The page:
Just like all other sectors, the Humanitarian Sector is ripe for digital transformation. We are already seeing some of the first steps occur, but sadly most of the innovative efforts never go beyond the pilot stage, resulting in what I have chosen to call pilotitis.
If you would ask some of the technology people within the non-profit sector about digital transformation efforts, then they would point out that many organizations are now leveraging various flavors of CRM systems for optimizing their fundraising efforts and that they are now deploying ERP systems to get a grip on their financial management around the world. While this focus on better usage of technology in the “backoffice” is essential, then it is my firm believe that the true digital transformation in the sector will occur when we focus on the use of technology in the front lines.
Donors have over the past decade pushed hard for accountability and as a result NGOs are spending between 5-15% of their project funds on M&E, monitoring and evaluation, (according to IFRC M&E guidelines). Most organizations spend about 70% of their funding on programs, and in recent years humanitarian funding has been around $26 billion and if 5-15% of that is spent on M&E, then we are talking about $910 million to $2.73 billion dollars spent on making sure the funds go where they are intended to go.
Even if my back of the envelope calculations are off by a factor of ten, then these are tremendous amounts that we are spending on simply making sure organizations are doing what they say they will do. But why are we spending so much on M&E? Truth is that most of the M&E efforts are ad-hoc efforts performed in a manual manner. They require lot of manual work in collecting data after the fact and creating reports. I have witnessed first hand in the field small organizations having more people keeping up with donor reporting efforts than they had working in the field.
The current approach to reporting work being done, situational reports and special donor reports are a relic of the past, when communication was expensive and difficult. In his 2008 TED Talk, Institutions vs. Collaboration, the writer Clay Shirky points out that the collaboration and coordination mechanisms we currently use are outdated, because in today’s world, where communication is essentially free and seamless, we can have the systems we use capture information about what we do and then use analytics on top of that data to create real-time reporting of what has been done.
Imagine if we could see in real-time where organizations are working, what impact they are delivering, and where there are gaps in the response. Not only would this small investment in capturing the work being done simplify donor reporting, but it would also revolutionize humanitarian coordination as we know it.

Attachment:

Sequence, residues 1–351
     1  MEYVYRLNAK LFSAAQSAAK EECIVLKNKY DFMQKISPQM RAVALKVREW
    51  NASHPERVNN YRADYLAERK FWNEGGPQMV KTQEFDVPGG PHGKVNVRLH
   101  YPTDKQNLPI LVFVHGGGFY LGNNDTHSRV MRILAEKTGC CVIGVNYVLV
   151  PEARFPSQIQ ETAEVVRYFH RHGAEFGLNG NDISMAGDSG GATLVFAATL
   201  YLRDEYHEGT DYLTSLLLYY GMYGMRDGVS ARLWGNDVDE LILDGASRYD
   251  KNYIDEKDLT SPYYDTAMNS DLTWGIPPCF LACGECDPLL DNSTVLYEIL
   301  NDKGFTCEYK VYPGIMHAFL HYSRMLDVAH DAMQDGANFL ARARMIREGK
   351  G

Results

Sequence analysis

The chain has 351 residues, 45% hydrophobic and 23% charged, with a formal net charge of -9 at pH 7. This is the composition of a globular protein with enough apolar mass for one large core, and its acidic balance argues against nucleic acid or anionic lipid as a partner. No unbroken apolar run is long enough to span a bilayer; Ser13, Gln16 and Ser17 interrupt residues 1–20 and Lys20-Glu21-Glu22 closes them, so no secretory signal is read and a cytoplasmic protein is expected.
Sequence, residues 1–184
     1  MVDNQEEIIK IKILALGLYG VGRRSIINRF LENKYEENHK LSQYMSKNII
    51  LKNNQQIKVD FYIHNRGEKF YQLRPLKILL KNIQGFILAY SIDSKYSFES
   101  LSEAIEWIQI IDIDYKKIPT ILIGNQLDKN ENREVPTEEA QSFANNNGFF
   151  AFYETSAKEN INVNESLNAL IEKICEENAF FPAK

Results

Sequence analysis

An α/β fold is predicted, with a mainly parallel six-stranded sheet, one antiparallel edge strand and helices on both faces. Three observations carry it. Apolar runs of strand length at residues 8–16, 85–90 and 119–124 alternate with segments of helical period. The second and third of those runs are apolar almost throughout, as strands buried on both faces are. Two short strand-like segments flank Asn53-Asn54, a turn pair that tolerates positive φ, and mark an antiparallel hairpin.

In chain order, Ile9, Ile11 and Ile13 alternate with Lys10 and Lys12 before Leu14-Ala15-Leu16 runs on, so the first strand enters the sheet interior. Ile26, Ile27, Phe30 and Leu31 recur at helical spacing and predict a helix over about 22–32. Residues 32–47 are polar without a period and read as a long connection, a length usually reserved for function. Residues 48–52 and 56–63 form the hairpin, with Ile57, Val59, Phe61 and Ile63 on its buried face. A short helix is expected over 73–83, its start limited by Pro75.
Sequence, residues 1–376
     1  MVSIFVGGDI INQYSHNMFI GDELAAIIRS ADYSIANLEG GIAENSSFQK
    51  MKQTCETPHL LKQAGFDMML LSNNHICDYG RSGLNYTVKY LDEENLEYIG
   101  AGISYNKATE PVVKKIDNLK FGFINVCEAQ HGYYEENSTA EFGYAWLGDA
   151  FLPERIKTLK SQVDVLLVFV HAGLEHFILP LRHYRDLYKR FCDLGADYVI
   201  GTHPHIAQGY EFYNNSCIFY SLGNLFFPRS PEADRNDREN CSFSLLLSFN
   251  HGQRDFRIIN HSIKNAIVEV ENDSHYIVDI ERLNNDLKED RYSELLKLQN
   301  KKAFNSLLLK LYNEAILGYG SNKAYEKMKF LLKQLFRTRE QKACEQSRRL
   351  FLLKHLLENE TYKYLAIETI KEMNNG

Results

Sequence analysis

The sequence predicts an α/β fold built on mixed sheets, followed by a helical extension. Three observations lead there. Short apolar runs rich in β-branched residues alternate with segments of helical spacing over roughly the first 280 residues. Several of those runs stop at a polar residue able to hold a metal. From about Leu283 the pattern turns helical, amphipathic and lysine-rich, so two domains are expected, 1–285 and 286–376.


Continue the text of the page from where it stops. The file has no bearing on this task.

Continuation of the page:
Yet, M&E is simply one small part of the humanitarian response effort that can be transformed through more effective use of technology. Some of the leading supply chain experts in the world looked at how non-profits currently organize supply chains. They estimated that it would be relatively easy to achieve savings of around 40% in logistics costs through effective use of technology and increased collaboration between organizations.
As humanitarian funding becomes harder to raise, it becomes even more important that we put a focus on efforts that can provide large cost savings in the work we do. In order to achieve this transformation, there are a number of roadblocks that we need to address:
We must adapt a collaborative approach to ensure we don’t end up with multiple pilots, multiple systems, multiple approaches to achieving the same results. We must build on approaches that allow for the economies of scale to multiply the collective impact of the transformations.
We must set aside funding for driving these collaborative transformation efforts. The savings we can achieve are so high, that the investments in this will pay back within a single year. Yet most of the funding currently available for innovation efforts is focused on small pilots and not on collaborative system wide efforts.
We must partner with the private sector to ensure we harness the lessons they have gained from transformations of other sectors. We must harness the passion of their employees to make an impact on the world using their experience. We must harness the technologies they have already developed so we don’t start our transformation efforts from scratch.
We must bring together the Humanitarian Transformers within the sector and give them the space and means to drive these transformations forward. They need support from the senior executives in their organizations and within the sector as a whole. We need to break down the organizational barriers that currently restrict us from collaborating on transformations and for that to happen, strong support from the leaders of humanitarian organizations is required.
Achieving digital transformation in the humanitarian sector unlike other sectors is not about saving money for money sake. While it is important that we use the money we have in a better way so that we can make greater impact on people’s lives in the time of their greatest need, the true impact from the digital transformation will come from our ability to work better together as a whole and in our ability to involve those affected deeper in the response process.
If you are a Humanitarian Transformer, like me, then participate in this discussion and get involved by reaching out to me. Together we can achieve anything!
Published March 4th 2019 at LinkedIn